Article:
• Thorough background materials are available for educators.
  • Comments from expert scientist: This e-learning activity explains in a simple way some important concepts about greenhouse gases evolution and its connection to global warming. This material was built on a solid scientific basis and is a reliable source of information.

About the Pedagogy

  • Interactive with clear step-by-step instructions.
  • Answer key provided along with supplemental teaching tips.

Technical Details/Ease of Use

  • Requires Java 6 plug-in.

Next Generation Science Standards See how this Activity supports:

High School

Performance Expectations: 2

HS-ESS2-6: Develop a quantitative model to describe the cycling of carbon among the hydrosphere, atmosphere, geosphere, and biosphere.

HS-ESS3-5: Analyze geoscience data and the results from global climate models to make an evidence-based forecast of the current rate of global or regional climate change and associated future impacts to Earth systems.

Disciplinary Core Ideas: 3

HS-ESS2.D1:The foundation for Earth’s global climate systems is the electromagnetic radiation from the sun, as well as its reflection, absorption, storage, and redistribution among the atmosphere, ocean, and land systems, and this energy’s re-radiation into space.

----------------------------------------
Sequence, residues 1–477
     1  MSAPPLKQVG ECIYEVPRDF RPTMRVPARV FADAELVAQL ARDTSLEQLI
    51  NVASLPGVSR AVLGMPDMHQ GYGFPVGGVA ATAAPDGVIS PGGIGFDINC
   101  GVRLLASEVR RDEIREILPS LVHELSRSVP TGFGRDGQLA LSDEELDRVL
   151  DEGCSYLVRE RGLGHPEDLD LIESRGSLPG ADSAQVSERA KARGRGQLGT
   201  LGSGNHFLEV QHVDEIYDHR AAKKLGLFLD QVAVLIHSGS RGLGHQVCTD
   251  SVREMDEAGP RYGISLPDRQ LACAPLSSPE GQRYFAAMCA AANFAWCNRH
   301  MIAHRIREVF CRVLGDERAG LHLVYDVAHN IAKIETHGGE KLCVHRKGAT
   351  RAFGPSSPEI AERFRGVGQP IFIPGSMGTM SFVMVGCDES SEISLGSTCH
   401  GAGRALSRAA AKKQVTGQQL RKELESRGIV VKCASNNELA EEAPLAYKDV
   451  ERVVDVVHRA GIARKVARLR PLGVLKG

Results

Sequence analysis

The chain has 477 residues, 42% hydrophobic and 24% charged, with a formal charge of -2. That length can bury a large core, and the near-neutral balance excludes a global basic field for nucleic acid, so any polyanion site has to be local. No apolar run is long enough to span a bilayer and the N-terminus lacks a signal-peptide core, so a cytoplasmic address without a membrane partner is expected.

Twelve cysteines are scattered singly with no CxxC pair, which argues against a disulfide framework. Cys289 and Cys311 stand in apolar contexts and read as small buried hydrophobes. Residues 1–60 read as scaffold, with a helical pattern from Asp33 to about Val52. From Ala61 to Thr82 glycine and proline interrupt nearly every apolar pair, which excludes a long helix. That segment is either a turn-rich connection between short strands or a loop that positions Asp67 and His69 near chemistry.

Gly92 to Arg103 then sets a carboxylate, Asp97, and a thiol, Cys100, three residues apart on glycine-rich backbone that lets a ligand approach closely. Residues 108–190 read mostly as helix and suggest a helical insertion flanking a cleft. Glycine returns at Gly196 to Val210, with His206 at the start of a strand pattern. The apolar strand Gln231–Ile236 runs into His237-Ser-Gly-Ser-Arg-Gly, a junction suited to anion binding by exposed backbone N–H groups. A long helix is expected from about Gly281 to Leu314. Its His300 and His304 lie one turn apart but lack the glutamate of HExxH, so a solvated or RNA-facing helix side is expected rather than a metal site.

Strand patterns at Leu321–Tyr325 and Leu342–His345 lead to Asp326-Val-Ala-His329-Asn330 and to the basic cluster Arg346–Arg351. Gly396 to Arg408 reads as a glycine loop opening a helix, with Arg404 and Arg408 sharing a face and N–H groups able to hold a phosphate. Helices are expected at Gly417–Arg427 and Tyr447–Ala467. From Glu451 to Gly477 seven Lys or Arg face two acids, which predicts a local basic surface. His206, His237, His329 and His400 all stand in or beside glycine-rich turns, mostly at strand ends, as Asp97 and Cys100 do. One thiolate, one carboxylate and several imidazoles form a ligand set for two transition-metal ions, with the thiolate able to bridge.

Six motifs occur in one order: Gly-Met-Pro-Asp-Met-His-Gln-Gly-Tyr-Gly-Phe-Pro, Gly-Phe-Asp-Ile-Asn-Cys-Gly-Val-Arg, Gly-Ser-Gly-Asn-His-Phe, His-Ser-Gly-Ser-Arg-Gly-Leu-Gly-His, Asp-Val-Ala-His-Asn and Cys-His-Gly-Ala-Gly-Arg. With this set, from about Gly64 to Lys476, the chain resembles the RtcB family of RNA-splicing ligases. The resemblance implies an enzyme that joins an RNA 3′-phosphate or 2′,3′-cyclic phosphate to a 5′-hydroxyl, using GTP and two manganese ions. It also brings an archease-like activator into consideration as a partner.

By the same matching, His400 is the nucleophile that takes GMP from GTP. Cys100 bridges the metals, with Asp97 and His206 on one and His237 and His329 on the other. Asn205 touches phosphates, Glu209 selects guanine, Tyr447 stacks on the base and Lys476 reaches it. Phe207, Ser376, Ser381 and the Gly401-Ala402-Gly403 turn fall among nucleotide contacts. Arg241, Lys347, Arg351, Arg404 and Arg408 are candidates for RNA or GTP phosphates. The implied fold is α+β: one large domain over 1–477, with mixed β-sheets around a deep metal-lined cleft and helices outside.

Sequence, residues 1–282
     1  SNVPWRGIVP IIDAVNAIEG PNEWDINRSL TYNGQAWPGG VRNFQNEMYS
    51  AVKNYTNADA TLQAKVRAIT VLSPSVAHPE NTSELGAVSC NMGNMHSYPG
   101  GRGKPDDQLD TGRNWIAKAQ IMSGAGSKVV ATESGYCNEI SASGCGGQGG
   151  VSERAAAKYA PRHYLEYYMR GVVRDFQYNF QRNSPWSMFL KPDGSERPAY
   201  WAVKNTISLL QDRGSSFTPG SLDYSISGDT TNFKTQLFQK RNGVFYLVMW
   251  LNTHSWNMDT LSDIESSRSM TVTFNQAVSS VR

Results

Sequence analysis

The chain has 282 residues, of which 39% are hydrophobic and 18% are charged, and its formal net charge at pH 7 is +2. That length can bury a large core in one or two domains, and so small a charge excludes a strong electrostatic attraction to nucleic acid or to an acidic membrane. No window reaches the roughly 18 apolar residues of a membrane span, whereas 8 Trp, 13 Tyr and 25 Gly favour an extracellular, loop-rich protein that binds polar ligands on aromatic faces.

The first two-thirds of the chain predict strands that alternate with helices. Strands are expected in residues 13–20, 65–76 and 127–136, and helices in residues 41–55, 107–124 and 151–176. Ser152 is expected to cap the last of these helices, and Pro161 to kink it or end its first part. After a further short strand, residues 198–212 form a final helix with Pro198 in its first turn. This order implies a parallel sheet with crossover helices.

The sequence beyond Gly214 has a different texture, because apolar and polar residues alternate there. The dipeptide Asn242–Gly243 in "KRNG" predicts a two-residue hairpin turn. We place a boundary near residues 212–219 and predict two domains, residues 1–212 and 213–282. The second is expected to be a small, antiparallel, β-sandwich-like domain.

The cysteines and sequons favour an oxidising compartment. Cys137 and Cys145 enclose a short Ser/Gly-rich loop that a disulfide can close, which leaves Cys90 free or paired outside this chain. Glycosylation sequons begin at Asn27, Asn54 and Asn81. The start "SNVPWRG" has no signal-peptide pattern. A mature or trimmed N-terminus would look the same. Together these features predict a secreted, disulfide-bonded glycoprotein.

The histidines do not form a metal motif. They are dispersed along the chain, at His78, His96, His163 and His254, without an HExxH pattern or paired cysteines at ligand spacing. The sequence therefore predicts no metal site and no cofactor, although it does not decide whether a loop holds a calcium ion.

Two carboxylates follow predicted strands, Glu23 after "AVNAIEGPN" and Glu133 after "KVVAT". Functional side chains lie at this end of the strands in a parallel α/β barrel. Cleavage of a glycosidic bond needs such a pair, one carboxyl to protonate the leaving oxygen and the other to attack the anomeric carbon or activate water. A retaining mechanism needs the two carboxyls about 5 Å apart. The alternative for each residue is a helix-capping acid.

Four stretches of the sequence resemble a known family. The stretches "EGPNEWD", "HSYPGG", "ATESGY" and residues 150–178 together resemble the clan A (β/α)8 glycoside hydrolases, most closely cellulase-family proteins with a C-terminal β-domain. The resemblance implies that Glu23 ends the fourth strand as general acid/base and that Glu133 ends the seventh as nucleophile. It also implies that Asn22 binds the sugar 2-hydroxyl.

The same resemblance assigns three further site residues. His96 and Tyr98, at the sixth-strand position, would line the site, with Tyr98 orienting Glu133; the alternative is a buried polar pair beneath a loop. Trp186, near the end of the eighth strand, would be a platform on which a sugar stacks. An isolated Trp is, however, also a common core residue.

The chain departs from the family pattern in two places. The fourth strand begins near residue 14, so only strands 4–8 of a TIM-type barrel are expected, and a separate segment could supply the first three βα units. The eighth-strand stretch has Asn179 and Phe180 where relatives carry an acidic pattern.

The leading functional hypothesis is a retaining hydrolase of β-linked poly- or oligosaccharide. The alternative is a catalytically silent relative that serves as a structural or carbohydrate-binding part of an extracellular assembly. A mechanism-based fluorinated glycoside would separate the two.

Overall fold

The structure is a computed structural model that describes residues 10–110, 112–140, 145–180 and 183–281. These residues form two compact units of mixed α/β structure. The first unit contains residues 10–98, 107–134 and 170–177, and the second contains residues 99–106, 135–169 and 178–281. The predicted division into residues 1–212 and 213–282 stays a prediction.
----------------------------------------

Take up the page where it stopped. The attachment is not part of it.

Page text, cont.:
HS-ESS2.D3:Changes in the atmosphere due to human activity have increased carbon dioxide concentrations and thus affect climate.

HS-ESS2.D4:Current models predict that, although future regional climate changes will be complex and varied, average global temperatures will continue to rise. The outcomes predicted by global climate models strongly depend on the amounts of human-generated greenhouse gases added to the atmosphere each year and by the ways in which these gases are absorbed by the ocean and biosphere.

Science and Engineering Practices: 10

Asking Questions and Defining Problems, Developing and Using Models, Planning and Carrying Out Investigations, Analyzing and Interpreting Data, Using Mathematics and Computational Thinking, Constructing Explanations and Designing Solutions, Engaging in Argument from Evidence, Obtaining, Evaluating, and Communicating Information

HS-P1.4:ask questions to clarify and refine a model, an explanation, or an engineering problem

HS-P2.6:Develop and/or use a model (including mathematical and computational) to generate data to support explanations, predict phenomena, analyze systems, and/or solve problems.

HS-P3.1:Plan an investigation or test a design individually and collaboratively to produce data to serve as the basis for evidence as part of building and revising models, supporting explanations for phenomena, or testing solutions to problems. Consider possible confounding variables or effects and evaluate the investigation’s design to ensure variables are controlled.

HS-P3.5:Make directional hypotheses that specify what happens to a dependent variable when an independent variable is manipulated.

HS-P3.6:Manipulate variables and collect data about a complex model of a proposed process or system to identify failure points or improve performance relative to criteria for success or other variables.

HS-P4:

HS-P5:

HS-P6:

HS-P7.4:Construct, use, and/or present an oral and written argument or counter-arguments based on data and evidence.

HS-P8.5:Communicate scientific and/or technical information or ideas (e.g. about phenomena and/or the process of development and the design and performance of a proposed process or system) in multiple formats (i.e., orally, graphically, textually, mathematically).